Karolina Dalca, Dark Eyes by M. R. Noble


Earth magic was a parboiled study of mine, but I was able to use my magic to spell the police sergeant into writing me up instead of firing me. They didn’t know what caused the fire, only that it originated from my hands. I blundered through their memories with my magic. Hopefully, they weren’t going home to their wives forgetting an anniversary or birthday. For the moment, I was safe and so was my internship. Which meant my measly income for university residence was secure.

I rolled my shoulders against the car seat, trying to release the tension from the day. I cranked the dial up on the radio and let the song “Ibiza” massage my sore spirit. Afternoon mist floated above the pine hills like steam and disappeared behind the curve of the road.

Movement caught my gaze. The trees jolted back and forth on a hill. Something big was out there. My tires kicked up rocks. I swerved, just missing a speed sign.

Pay attention, Karolina. Grandpa Dalca’s words chimed into my head. I remembered his thick accent: Does the dog wag the tail, or does the tail wag the dog?

Taming my vampiric nature took years. My family picked up animal remains from the butcher and, if I rationed well, I kept my blood lust at bay. When I toted a padlocked deepfreeze to my dorm, I told my roommate I only ate game meat because it was ethically harvested. The backlash was she committed to the cause—not only did she want to use my freezer—posters started showing up in hallways. It was better than ripping her hipster neck out at night. Nothing was a substitute for blood from the source, and the night is catnip to Vampires. My shameful preference for bunnies was the only way I weathered through most nights. It was the cost of abstaining from human blood.

I arrived at the main road. Just a little longer and I’d be at home with my mother.

The question was what would coax her into finishing our previous conversation?

I turned into the parking lot of Mama’s favorite sweet shop and checked my makeup. My eyes looked like two melted blackbirds in a nest of hair. I hit the showers after my shift, but I only had time for a quick body rinse. There was no denying the day I had.

I got out anyway. I walked into the store and a tingling draped my shoulders. The familiar feel of magic. The doorframe had orphic markings carved into the top—an ancient custom of the Charmed people. Our house was full of them too; it was how we identified our own.

The store clerk was behind the counter.

I waved, and then took a moment to review the trinkets for sale. Some carved plaques hung from twine between packaged incense and a taxidermy albino falcon. The falcon’s eye shone like liquid still flowed within its body. The first plaque read Charmed with earth, know your worth, for no one can go forth.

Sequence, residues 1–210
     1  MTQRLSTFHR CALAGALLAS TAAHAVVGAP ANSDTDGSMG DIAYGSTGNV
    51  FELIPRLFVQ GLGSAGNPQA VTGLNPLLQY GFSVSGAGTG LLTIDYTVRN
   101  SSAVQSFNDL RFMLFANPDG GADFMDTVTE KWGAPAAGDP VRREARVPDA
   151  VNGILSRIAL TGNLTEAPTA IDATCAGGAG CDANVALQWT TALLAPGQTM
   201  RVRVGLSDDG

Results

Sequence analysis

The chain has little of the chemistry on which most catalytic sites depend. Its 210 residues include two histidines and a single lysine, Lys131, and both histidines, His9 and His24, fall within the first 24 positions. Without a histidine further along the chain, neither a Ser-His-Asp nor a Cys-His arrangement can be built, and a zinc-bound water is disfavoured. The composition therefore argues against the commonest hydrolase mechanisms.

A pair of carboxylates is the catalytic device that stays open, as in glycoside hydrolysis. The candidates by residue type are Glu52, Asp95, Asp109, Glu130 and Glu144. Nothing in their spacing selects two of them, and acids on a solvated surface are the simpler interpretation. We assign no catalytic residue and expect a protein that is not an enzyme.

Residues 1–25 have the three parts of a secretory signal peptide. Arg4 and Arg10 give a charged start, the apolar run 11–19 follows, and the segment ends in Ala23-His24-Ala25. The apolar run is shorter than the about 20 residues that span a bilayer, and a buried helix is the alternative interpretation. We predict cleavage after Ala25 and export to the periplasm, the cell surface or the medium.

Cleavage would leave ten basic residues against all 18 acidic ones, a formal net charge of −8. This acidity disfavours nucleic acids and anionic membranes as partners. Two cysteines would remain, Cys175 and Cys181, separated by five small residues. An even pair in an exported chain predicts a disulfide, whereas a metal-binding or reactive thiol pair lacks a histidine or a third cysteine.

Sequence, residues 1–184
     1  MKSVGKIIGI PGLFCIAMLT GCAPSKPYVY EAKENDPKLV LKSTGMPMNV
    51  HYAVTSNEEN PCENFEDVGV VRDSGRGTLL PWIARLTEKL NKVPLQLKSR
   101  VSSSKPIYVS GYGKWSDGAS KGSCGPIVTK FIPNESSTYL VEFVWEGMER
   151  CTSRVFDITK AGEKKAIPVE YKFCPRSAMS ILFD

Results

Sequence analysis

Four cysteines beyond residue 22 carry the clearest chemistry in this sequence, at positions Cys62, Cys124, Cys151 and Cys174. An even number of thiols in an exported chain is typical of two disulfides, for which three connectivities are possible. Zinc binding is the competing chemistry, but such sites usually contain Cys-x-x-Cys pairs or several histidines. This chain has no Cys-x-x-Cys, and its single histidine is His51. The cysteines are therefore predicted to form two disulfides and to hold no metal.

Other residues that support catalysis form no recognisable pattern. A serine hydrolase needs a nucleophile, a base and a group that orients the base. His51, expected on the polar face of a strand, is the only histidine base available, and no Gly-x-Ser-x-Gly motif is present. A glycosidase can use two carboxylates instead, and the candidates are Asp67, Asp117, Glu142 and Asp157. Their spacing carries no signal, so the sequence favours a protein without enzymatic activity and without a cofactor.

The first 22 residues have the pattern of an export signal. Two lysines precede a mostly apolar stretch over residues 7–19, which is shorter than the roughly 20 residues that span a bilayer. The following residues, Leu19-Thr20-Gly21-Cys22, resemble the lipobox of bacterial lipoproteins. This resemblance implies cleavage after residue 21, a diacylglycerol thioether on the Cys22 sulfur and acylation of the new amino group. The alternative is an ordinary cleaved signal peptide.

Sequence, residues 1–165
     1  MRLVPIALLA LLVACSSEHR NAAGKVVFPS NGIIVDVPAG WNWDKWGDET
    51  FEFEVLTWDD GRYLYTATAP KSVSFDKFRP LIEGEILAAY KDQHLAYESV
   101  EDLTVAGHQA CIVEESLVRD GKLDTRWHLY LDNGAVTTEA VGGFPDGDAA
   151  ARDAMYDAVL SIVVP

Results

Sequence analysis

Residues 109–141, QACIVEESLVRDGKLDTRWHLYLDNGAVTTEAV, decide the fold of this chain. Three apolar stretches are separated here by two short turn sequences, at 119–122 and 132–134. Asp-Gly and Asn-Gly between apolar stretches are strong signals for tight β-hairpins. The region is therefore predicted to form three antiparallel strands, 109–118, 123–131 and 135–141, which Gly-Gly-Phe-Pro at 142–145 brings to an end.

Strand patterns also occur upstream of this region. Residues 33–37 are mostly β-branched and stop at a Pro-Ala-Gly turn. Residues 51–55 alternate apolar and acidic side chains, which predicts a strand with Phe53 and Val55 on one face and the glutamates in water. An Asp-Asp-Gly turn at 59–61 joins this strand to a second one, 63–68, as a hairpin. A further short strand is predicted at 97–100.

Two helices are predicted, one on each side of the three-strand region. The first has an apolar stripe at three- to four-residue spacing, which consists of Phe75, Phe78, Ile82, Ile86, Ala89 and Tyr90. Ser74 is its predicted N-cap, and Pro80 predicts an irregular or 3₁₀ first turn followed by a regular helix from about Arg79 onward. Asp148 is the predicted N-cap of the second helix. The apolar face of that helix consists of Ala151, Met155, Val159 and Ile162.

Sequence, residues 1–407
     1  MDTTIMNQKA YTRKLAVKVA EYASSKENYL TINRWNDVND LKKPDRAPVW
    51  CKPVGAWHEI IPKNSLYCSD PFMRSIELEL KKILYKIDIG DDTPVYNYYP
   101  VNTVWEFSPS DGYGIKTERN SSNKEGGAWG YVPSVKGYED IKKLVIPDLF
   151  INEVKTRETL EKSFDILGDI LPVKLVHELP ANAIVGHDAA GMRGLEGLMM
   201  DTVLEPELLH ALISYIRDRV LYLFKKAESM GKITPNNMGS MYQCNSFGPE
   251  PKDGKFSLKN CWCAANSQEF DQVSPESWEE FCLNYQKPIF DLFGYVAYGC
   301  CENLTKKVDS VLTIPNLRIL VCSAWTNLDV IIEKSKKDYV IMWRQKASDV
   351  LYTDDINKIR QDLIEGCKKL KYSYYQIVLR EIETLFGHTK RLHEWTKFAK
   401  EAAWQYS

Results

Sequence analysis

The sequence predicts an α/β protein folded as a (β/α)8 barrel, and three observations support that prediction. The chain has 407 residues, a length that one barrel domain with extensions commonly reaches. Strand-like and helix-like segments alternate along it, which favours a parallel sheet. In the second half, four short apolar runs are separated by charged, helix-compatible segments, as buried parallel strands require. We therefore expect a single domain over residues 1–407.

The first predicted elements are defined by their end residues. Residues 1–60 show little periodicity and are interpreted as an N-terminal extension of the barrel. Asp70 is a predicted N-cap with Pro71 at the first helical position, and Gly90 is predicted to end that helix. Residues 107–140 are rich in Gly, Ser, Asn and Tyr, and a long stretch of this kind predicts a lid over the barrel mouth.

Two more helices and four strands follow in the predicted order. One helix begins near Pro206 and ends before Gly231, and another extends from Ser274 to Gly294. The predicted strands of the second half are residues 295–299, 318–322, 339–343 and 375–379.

The Earth Charm was the most common inherited magic, but one could invoke it too. Those Wicca parties advertised at your local occult shop were no joke. The Water Charm was used by spiritual humans, like priests and shaman. The Air Charm was hard-won if one wasn’t born with it, and Fire even more so.

I flipped to the next plaque. This one read Beware of shadow that consumes, your soul it dooms, unless the light you love exhumes. I shivered at the memory of Mama’s terrifying fables. Just like the elements, there are also the Light and Dark Charm. Sparking the Dark Charm takes an intense act of malice, and I would have to want its power. The more extreme version is Shadow Forging. I didn’t want to think of the acts I’d have to commit to Forge. The change would shred my soul and rip apart my body…

The Light Charm is much more pleasant. Whenever I read a story in the newspaper about a miracle, Mama said it was the magic of a person with the Light Charm.

I paid for a box of candies and wished the shopkeeper a good day.

I turned the corner just outside the door and faced Roman Lupei. Our families emigrated from Romania to Canada at the same time—naturally they converted into extended family—and our parents dreamed one day our relationship would be more.

Now, he tried to make their dreams a reality. When we were a couple of lanky teens, I would’ve laughed. But after high school graduation, he’d learned his father’s trade and became a carpenter. The family business was his now—and so was the body of an Olympian.

“Hey, super chick,” he said.

“You wanna be the bad guy?” I asked, my voice flat.

He fiddled with his keychain, a creepy piece of bone set into a bronze disk. I hated it. He pocketed his keys, putting the old trinket out of sight.

“Some guy was asking around for you today,” he said. “Saw him at the coffee shop when I was there.” His dark hair reflected the now setting sun, giving it an auburn hue. A golden glow faded from his eyes, and I knew the tip of the sun had just set behind me.